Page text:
Behavior intervention programs should focus on enhancing communication skills like spontaneous language use and enhanced verbalization to reduce problematic behaviors associated with the disorder.
In addition to communication, interventions for autism spectrum disorders should also aim at developing social skills. A systematic review carried out by White, Keonig, & Scahill, (2007) on various interventions acknowledges that a lack of social skills is the core feature which affects individuals with autism directly and indirectly.
The systematic review studied research reports published by 2006 that described the interventions for autism in children of school age to adolescence. The review showed that group-based interventions were the most appropriate for developing social skills in children diagnosed with autism.
Furthermore, Neitzel (2010) acknowledged that positive behavior support is among effective approaches to reduce challenging behaviors that are experienced by affected children. According to Neitzel, autistic children have a high risk of developing disruptive behaviors, which may hinder their development thus limiting their capability to learn essential social, communication and academic skills.
Therefore, adopting positive interventions enables children with autism to socialize and engage in meaningful activities with others. These positive interventions include adopting conducive and quality learning environments, which emphasize on building positive student relationships. Positive interventions reduce the possibility of interfering behavior reoccurring by addressing them more efficiently.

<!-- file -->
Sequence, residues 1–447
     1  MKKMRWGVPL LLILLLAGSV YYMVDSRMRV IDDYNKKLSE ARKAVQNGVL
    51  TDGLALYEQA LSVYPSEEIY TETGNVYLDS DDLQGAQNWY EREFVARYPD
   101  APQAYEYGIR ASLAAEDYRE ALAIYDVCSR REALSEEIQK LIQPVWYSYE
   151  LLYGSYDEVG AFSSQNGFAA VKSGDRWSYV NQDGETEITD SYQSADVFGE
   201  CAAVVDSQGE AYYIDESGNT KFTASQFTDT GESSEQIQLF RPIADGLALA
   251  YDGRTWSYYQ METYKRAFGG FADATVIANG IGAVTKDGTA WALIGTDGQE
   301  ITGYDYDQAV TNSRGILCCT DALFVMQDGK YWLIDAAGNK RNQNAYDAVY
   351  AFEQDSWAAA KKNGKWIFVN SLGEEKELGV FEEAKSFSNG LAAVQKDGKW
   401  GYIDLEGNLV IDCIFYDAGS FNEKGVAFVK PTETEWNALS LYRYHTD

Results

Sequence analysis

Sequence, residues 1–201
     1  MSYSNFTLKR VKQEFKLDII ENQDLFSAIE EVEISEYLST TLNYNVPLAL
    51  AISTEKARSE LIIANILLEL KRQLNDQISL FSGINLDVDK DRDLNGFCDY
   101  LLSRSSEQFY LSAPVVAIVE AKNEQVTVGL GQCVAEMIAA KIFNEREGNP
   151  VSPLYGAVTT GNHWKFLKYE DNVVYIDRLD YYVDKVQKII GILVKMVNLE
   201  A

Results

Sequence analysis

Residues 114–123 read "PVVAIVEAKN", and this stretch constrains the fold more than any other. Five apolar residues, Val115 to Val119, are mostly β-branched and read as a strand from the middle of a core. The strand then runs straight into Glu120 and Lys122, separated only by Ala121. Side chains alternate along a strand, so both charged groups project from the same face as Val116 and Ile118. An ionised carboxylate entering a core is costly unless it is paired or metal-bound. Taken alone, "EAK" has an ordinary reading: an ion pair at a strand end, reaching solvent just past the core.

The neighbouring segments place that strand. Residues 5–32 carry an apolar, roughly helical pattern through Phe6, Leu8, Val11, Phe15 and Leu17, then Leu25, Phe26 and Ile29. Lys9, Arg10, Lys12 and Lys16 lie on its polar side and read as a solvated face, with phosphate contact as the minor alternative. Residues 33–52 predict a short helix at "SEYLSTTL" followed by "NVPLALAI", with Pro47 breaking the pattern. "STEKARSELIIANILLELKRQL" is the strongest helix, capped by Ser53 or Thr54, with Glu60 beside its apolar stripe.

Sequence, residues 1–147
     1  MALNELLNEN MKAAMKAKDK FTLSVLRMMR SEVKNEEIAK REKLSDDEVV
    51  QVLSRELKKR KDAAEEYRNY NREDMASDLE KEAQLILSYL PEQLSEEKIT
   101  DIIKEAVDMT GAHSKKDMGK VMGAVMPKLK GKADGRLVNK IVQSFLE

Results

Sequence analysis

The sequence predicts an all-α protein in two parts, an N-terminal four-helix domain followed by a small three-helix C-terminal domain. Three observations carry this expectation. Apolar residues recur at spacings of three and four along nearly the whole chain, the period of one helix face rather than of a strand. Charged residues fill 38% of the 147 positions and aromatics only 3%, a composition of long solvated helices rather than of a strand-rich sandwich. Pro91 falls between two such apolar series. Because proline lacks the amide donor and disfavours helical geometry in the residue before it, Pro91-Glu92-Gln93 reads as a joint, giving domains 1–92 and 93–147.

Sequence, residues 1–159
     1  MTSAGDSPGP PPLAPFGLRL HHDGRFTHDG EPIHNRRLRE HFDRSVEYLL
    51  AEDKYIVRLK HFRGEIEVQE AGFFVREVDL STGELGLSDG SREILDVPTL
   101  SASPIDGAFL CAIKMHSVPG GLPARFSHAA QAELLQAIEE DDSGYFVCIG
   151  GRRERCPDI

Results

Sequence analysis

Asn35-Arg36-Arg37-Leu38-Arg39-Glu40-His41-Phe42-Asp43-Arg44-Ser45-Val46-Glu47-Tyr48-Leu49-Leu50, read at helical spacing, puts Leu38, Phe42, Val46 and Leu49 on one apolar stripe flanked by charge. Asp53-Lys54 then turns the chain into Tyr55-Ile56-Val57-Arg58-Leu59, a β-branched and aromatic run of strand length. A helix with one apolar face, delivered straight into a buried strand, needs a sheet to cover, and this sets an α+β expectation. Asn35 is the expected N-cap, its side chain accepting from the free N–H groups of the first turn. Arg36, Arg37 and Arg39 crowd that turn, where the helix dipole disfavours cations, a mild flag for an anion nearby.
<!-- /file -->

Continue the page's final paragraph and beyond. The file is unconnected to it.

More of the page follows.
However, inadequate knowledge on the communication abilities of affected children and their social functions is a potential barrier to appropriate behavioral interventions for autism in children (Boyd, McDonough, & Bodfish, 2012). Such knowledge gaps necessitate extensive research on autism in children to identify evidence and psychosocial based interventions for addressing repetitive behaviors in children with autism.
Educational Interventions and the Developmental Behavior of Autistic Children
Education has been identified as one of the fundamental development factors because of its role in enriching people’s understanding of the society. Lal & Shahane, (2011) acknowledged that autism affects the perception of affected persons on society and the world at large.
Similarly, education plays a significant role in the development of autistic children. It provides them with an opportunity to develop positive social behaviors and acquire knowledge.
However, persons with autism disorders acquire education differently compared to neuro-typical children. Obrusnikova & Dillon (2011) acknowledged that educating children diagnosed with autism is more challenging than educating neurotypical children. This challenge is aggravated by the fact that more than one in every 110 children have autism, and the majority of affected children are taught general physical education.
According to Obrusnikova & Dillon, there is need for the education of affected children to focus on specific factors with unique learning attributes that help such children to develop social and communicative skills. The significant challenges identified in the study by Obrusnikova and Dillon are classified into competitive, corporative, and individual learning situations.
Similarly, Myers & Johnson (2007) demonstrated that education interventions for autistic children should focus on maximizing the child’s functional independence and guide them to optimize their quality of life. Educational interventions for autism in children are alternative to pharmacological and nonpharmacological interventions. Myers & Johnson further states that educational interventions are the cornerstone of managing autistic disorders, and enhancing their social development skills.
Psycho-educational Interventions for Autism Spectrum Disorders